I visited the Parvathi Amma temple and the Christ church in the old town. Just after the KRTC bus stand there is also the Blossom Park (Hydel park), but I did not visit it.

Parvathy Amma temple is a Hindu temple dedicated to Parvati, the consort of Lord Shiva. It is built in the south-Indian style with statues of different goddesses on the temple dome as shown in the image below. It is supposed to be very old.

In the courtyard next to the temple is an area for Shiva devotees with nine statues of Shiva.

Christ church is the oldest church of Munnar. A stone in the back-wall of the church explains that its foundation was laid by Sir Alexander Kay Muir, Baronet of Deanston (Glasgow, UK) in 1910. It is a simple church on the top of a hill with beautiful views of Munnar city and some nice stained-glass windows.


The road coming from Kochi, passing through Pallivasal, reaches south of Munnar. Along this road, a couple of kilometres before Munnar, a bridge across Muthirappuzhar river leads to a hill.

A climb along the hill on the right side after this bridge, overlooking the tea gardens in Pallivasal, brought me to Pothamedu View Point. I did this trip with an auto-rickshaw as I didn't want to strain my knees.

Further down this road, around 5 km from Munnar, a side road in Pallivasal took me to Atukkad water falls. The image below shows an overview of the whole area along with the water falls (towards the right edge of the image). When I visited it, the rains had not yet started and there was little water in the waterfall. Reaching the falls is difficult, so most people stop at a place on the hill from you can see the water fall, without going all the way down to the falls.

On the whole this visit towards Pallivasal was disappointing. For me, the most beautiful places on this visit were the tea gardens on the way.


A road going towards east from New Munnar will take you towards Devikulam, passing through Mathupetti and Kundala dams on Mathurippuzhar river, and then going up to Top Station at the border between Kerala and Tamil Nadu.

As for the visit to Pallivasal, the views of the tea gardens were breathtaking. The image below shows a view of the waters from the Mathupetty dam.

After Mathupetty dam, our next stop was Echo Point where the configuration of the river banks provides a good echo. Here, young persons were busy shouting and taking selfies.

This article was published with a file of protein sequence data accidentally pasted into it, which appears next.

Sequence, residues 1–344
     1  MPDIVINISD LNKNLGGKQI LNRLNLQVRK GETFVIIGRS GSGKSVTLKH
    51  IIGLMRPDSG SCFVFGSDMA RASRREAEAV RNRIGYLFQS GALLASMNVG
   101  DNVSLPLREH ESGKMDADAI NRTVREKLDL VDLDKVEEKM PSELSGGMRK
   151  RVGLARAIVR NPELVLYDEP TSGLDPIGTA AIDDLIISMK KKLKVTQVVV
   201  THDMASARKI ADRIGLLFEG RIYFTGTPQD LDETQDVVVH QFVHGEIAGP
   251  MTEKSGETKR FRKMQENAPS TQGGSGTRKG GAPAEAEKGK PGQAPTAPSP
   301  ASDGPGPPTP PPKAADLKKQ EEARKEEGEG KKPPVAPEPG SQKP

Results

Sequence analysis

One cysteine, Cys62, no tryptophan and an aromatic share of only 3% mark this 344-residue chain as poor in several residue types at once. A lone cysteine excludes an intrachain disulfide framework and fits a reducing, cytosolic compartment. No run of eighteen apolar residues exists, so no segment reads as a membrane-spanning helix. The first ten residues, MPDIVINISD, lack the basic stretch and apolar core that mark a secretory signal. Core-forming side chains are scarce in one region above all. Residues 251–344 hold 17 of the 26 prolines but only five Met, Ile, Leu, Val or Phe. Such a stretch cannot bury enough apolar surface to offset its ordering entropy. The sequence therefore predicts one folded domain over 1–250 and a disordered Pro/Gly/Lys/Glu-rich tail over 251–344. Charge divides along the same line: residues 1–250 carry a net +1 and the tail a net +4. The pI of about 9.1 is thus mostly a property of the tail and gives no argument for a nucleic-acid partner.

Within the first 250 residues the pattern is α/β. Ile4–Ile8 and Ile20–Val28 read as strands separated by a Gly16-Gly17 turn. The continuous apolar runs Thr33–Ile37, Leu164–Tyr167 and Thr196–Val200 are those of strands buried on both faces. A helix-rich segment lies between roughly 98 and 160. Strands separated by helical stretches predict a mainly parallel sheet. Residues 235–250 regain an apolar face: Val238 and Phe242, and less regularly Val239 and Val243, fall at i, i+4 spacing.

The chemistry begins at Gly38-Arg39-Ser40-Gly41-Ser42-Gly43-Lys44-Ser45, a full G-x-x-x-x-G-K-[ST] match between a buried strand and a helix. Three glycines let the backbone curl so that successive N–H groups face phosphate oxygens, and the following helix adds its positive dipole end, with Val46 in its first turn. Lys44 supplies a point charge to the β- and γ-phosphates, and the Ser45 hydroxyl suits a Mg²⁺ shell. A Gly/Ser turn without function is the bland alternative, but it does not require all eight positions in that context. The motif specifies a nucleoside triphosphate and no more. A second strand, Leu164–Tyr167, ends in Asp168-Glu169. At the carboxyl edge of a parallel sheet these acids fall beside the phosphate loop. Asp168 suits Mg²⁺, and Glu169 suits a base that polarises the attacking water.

Then we stopped at Kundala dam which has beautiful views of the mountains. Along the dam there are shops and restaurants and people stopped here for picnics.

Our last stop was Top Station which has beautiful views of higher mountains around Munnar. It is 32 Km from Munnar, and because of the stops on the way, the journey can take upto one and half hour. It is located slightly less than 1900 metres and from here, the views of Western Ghats and Theni valley in Tamil Nadu are amazing.  

There were some other places to visit on this visit such as the rose garden and the botanical gardens. However, I did not visit them.


Munnar provides a lot of opportunities for observing nature. During my walks in the city, I could observe numerous birds. On the visit to Devikulam, we were lucky to see a couple of female elephants with baby elephants.


After visiting a number of tea gardens in Assam, I was also curious about visiting the tea garden workers in Munnar and to learn about their lives. The opportunities to visit them came in Old Munnar itself where the side roads took me to areas where tea garden workers lived.

I also visited some houses of tea garden workers in Yellapetty in Devikulam. It was difficult to communicate since they did not speak Hindi or English. However, I was fortunate to find an auto driver, who spoke English, who had grown up in a tea garden and whose father and brother still worked in a tea garden. Compared to the situation in the north-east of India, my impression was that the tea garden workers had much better living and working conditions in Munnar. The image below shows a housing area for tea garden workers in Old Munnar town.


My visit to Munnar was a last minute decision. Since I like quiet and beautiful views, I am glad that I chose to stay in Old Munnar, away from the shops and noise of New Munnar.

Though I did make some tourist visits around Munnar, I usually avoided walking so I visited a limited number of places.

My most beautiful memories of Munnar are those of the tea gardens spread over hills and valleys. The last image of this post shows the morning mists in the hills of Devikulam.